FBI director James Comey says terrorist groups are discussing ways to hit Americans with a cyberattack, though he said plotting appeared to be in early stages. “We are picking up signs of increasing interest,” he told the Aspen Security Forum in Colorado, reports the Wall Street Journal. “It's a small but potentially growing problem.” Comey didn't divulge what sort of cyberattack terrorist groups could be trying to design. U.S. officials have tried to protect things like water-treatment plants, electrical grids, and the banking system from debilitating cyberattacks, but criminal gangs and sophisticated nation-state hackers have proven adept at breaking through networks.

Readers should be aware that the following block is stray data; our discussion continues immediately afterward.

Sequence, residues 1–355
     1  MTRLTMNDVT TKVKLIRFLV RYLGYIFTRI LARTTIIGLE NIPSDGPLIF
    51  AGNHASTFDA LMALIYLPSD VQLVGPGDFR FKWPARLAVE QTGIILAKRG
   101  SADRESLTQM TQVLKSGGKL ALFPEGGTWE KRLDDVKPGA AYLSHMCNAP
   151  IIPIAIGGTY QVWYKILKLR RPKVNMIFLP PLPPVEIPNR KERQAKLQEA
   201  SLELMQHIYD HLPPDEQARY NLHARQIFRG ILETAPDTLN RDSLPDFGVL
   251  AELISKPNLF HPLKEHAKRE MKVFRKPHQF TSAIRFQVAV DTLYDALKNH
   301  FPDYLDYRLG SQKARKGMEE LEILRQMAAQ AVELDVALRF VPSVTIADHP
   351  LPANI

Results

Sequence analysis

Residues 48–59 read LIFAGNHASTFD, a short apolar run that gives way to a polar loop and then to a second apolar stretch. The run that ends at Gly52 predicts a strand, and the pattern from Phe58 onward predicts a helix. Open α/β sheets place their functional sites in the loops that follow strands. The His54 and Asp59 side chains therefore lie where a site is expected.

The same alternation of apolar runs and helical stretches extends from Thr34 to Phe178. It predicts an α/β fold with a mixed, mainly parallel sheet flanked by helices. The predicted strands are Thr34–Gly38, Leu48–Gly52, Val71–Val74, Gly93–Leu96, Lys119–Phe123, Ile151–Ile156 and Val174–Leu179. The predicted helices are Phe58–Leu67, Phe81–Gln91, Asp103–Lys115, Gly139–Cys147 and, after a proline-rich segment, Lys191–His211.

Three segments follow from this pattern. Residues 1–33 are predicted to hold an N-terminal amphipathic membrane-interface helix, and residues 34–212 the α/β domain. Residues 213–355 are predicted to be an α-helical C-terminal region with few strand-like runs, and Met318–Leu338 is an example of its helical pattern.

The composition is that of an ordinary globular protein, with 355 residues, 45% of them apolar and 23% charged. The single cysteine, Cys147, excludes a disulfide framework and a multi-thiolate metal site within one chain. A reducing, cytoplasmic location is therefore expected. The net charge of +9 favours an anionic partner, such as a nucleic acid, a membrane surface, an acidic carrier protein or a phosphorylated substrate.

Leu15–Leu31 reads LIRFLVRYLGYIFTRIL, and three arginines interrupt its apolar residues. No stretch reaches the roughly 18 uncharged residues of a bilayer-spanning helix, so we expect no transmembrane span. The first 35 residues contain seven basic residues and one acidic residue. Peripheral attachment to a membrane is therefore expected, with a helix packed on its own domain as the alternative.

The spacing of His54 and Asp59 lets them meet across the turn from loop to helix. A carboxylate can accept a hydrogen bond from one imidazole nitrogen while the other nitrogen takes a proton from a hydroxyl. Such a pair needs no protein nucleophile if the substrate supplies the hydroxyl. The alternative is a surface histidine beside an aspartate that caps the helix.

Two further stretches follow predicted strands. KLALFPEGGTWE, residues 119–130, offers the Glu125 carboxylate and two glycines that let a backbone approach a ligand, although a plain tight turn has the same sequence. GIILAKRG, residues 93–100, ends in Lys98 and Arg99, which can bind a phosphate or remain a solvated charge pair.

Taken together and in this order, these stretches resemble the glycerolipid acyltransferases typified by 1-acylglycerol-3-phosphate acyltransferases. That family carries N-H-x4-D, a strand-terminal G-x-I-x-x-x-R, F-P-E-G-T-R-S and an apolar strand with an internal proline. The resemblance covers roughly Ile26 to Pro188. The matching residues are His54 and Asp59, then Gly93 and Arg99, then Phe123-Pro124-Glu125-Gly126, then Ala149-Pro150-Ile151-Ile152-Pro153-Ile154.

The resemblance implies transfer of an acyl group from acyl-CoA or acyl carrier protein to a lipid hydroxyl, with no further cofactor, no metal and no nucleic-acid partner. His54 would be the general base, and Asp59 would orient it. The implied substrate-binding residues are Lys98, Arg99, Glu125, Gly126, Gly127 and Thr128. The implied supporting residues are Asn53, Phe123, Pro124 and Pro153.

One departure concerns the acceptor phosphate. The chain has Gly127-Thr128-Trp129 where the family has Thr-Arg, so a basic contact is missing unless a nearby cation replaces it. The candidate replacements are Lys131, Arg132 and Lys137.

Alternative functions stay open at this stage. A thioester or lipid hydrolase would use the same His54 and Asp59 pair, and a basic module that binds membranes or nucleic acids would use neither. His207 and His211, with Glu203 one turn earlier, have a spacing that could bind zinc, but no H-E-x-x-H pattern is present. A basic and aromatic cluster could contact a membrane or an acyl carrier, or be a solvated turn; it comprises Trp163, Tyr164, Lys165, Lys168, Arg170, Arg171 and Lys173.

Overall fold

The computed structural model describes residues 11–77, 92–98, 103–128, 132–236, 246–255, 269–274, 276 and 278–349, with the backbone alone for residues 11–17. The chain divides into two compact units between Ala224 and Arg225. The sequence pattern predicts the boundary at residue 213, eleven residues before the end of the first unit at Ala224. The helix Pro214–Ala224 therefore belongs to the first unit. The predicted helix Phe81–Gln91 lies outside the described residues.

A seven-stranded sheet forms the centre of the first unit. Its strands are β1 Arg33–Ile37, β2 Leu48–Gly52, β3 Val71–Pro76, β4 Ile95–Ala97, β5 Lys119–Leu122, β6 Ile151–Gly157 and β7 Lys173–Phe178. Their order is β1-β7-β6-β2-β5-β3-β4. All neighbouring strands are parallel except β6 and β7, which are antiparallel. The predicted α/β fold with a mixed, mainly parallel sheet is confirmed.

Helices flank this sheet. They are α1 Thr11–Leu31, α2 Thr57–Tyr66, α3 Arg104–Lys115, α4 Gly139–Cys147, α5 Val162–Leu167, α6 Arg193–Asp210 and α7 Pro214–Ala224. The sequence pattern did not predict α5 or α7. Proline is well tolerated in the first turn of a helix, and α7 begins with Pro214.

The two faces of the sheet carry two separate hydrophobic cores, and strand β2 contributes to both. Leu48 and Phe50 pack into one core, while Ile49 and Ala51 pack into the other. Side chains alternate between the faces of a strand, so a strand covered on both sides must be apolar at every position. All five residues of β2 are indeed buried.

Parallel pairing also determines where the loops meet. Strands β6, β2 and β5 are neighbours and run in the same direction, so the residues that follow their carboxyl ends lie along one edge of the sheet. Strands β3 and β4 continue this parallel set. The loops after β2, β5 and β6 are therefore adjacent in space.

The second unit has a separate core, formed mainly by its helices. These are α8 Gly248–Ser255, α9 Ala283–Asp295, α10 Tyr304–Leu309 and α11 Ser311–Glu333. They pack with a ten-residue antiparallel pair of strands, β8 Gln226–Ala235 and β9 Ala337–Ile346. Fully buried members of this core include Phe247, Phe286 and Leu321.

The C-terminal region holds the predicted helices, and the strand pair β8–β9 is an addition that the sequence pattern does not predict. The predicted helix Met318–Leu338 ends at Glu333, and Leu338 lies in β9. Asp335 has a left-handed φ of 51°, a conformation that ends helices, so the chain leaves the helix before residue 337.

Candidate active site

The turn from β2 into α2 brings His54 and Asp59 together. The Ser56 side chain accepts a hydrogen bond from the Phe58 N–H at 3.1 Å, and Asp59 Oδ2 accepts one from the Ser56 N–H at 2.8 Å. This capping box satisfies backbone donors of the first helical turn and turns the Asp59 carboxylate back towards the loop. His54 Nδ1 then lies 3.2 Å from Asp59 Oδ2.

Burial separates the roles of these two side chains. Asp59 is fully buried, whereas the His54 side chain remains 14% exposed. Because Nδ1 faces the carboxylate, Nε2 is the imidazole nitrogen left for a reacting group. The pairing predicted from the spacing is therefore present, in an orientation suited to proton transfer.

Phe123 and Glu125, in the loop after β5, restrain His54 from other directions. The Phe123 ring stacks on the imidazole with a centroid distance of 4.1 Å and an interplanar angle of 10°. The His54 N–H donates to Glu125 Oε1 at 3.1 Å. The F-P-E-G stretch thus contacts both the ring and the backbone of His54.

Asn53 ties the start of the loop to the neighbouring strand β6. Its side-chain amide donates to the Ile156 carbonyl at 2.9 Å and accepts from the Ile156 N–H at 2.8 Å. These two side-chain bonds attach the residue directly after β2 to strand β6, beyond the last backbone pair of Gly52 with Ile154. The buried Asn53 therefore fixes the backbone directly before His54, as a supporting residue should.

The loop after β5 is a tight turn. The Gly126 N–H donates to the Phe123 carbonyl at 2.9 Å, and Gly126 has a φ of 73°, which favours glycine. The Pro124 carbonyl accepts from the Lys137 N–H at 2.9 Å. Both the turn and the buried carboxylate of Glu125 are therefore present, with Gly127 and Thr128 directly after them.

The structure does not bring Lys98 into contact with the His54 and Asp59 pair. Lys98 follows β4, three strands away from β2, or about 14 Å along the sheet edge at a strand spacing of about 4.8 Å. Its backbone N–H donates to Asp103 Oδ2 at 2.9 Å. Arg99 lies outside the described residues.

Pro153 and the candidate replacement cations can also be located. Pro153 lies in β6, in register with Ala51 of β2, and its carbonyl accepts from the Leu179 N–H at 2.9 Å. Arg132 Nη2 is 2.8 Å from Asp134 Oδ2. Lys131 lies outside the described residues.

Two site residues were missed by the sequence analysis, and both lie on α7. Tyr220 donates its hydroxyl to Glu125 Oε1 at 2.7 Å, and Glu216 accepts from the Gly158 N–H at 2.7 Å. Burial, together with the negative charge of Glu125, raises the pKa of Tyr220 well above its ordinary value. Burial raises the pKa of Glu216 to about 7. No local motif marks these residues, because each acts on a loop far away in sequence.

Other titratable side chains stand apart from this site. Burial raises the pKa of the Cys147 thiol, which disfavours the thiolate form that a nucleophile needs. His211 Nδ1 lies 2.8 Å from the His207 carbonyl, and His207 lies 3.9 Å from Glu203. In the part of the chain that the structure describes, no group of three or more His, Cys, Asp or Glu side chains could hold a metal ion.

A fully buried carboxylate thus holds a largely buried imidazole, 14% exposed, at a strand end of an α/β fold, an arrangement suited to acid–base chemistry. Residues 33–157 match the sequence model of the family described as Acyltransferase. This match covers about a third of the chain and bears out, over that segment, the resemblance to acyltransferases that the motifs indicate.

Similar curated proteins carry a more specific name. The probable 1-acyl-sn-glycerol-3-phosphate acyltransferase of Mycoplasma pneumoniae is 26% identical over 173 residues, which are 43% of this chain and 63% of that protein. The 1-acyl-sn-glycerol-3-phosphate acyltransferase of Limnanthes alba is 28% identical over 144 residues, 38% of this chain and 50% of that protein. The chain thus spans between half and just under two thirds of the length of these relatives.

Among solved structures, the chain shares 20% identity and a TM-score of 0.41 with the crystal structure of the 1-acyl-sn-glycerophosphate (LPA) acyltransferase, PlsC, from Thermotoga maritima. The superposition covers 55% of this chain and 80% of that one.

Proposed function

He said a cyberattack against Americans had become a popular strategy for some terrorist groups that had found it difficult to infiltrate or recruit followers in the U.S. The Aspen conference is a yearly gathering of government and industry officials and academics. The FBI director touched on encrypted messaging technology, threats posed by Islamic State and the lack of trust between some communities and members of law enforcement. Comey said the FBI had “hundreds of people we are looking at” as part of active terrorism-related investigations in all 50 states. He said there is one near-universal theme in recent domestic terrorist plots that he said troubles law-enforcement officials, and he appealed for help. “In nearly every case?someone saw something and they didn't tell somebody,” he said, warning that family members or friends of people considering terrorist attacks noticed signs but didn't alert law enforcement or other authorities.